Command line tip - look for strings inside binary files

Occasionally if you're working with binary files (maybe you're doing software development for example), you might sometimes need to take a look through a binary file to find the strings that it contains.

Instead of trying to trawl through the rubbish and binary data that isn't a lot of use to you, you can use the strings command to search through the file for the intelligible information it contains.

For example, you could do this on a critical system program like ls.

$ strings /bin/ls

With GNU ls, you'll find a fair few strings in there, including:

This is free software. You may redistribute copies of it under the terms of the GNU General Public License .
There is NO WARRANTY, to the extent permitted by law.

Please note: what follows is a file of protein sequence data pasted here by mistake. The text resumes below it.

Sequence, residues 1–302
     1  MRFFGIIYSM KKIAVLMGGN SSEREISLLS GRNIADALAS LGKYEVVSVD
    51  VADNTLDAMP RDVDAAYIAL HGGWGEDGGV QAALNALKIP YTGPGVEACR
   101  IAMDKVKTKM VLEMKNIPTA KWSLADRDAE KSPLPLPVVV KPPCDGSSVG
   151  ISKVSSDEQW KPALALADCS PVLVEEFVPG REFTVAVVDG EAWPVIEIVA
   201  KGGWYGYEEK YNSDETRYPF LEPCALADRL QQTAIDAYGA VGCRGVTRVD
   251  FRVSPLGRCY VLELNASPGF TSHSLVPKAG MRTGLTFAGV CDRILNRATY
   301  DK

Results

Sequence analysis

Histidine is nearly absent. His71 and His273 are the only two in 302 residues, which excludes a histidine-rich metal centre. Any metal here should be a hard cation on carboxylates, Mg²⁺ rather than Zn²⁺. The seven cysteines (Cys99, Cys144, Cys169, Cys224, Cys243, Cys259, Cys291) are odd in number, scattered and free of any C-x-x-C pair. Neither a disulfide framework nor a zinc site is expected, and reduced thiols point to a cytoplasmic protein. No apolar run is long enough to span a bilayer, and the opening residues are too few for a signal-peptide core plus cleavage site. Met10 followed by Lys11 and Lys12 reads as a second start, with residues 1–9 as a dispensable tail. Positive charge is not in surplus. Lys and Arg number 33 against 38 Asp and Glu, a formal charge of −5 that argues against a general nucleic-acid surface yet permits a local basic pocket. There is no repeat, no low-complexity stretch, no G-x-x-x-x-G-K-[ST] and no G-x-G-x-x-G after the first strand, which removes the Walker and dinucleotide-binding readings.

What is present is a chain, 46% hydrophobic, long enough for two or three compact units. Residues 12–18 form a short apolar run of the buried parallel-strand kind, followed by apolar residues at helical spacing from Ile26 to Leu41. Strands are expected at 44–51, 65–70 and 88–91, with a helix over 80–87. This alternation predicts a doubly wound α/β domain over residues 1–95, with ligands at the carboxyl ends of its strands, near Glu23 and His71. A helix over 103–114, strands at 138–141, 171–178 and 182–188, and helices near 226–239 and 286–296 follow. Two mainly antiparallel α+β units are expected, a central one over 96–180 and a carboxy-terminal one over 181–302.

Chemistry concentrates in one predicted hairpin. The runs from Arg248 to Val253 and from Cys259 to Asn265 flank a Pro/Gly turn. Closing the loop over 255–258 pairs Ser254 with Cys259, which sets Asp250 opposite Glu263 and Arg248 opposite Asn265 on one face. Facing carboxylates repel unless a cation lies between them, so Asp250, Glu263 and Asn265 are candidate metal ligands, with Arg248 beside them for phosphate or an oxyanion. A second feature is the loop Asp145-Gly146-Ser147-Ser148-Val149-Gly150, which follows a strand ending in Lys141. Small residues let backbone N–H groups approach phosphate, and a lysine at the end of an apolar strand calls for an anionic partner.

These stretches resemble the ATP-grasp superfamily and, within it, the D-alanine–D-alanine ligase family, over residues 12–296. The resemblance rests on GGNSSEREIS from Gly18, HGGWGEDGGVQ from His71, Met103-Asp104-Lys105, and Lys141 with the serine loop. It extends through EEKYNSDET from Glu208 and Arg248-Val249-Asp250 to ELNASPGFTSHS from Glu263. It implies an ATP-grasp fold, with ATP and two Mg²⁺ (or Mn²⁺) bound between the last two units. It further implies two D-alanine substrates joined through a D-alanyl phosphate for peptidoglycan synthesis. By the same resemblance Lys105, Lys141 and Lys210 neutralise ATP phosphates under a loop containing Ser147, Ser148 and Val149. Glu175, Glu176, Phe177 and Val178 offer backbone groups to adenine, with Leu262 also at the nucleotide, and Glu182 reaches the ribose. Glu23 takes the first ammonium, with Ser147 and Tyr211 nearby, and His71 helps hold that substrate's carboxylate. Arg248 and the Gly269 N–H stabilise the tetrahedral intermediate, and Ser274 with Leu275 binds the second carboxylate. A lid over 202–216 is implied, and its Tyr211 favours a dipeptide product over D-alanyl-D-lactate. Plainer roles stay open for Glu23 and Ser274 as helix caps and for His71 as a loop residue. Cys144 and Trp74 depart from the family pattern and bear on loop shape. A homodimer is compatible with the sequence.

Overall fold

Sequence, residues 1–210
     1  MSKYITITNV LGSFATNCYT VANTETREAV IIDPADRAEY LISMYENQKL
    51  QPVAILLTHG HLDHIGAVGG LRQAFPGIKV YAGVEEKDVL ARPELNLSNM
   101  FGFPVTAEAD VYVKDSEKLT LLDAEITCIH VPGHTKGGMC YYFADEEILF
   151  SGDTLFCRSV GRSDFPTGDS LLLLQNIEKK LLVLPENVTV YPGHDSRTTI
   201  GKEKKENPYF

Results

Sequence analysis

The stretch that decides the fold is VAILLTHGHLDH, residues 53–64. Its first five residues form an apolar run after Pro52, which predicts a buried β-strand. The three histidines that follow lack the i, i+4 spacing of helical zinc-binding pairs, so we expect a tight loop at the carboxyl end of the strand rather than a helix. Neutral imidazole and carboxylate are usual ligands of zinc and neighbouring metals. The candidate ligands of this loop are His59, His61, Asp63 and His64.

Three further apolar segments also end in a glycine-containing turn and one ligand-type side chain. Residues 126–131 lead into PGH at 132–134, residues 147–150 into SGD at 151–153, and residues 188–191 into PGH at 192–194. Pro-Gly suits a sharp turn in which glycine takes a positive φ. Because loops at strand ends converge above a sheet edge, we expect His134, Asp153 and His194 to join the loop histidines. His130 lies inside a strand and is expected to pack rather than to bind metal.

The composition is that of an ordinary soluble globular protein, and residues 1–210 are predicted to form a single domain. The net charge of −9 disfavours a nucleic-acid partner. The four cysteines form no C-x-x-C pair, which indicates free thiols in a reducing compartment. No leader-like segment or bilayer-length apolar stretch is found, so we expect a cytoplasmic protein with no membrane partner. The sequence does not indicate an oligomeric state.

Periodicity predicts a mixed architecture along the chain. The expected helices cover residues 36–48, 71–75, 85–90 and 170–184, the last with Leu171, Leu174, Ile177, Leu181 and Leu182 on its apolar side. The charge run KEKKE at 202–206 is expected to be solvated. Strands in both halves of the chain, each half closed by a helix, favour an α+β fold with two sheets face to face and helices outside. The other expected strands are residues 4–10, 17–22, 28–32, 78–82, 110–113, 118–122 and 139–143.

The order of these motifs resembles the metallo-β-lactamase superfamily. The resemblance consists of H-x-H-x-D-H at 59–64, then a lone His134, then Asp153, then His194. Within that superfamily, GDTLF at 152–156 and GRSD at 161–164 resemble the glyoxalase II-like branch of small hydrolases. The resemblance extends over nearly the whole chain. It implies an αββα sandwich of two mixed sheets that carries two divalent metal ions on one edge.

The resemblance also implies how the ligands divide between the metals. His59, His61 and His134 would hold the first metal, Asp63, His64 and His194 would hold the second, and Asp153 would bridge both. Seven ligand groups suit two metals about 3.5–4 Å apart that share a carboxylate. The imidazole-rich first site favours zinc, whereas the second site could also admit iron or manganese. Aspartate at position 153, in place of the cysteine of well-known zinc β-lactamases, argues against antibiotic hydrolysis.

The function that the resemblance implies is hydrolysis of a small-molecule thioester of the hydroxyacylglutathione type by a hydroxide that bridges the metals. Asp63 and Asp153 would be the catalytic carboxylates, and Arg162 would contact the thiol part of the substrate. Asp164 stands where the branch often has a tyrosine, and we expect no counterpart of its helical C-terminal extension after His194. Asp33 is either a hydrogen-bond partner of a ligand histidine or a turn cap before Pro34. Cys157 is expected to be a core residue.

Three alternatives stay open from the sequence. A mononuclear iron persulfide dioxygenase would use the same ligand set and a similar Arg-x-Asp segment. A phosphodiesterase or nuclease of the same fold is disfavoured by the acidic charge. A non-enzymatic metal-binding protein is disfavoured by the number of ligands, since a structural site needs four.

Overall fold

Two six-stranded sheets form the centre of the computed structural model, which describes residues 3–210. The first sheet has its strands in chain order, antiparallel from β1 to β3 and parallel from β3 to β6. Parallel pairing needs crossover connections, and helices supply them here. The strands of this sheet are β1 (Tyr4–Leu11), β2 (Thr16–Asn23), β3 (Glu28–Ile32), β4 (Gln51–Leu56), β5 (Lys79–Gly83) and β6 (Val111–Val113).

Which is exactly the text you'll see if you run:

ls --version

Just a quick example to prove that it works!

Avatar for peter Peter Upfold - http://peter.upfold.org.uk/

Peter Upfold is a technology enthusiast from the UK. Peter’s interest in Linux stems back to 2003, when curiosity got the better of him and he began using SUSE 9.0. Now he runs Linux Mint 9 on the desktop, runs a CentOS-based web server from home for his personal website and dabbles in all sorts of technology things across the Windows, Mac and open source worlds.

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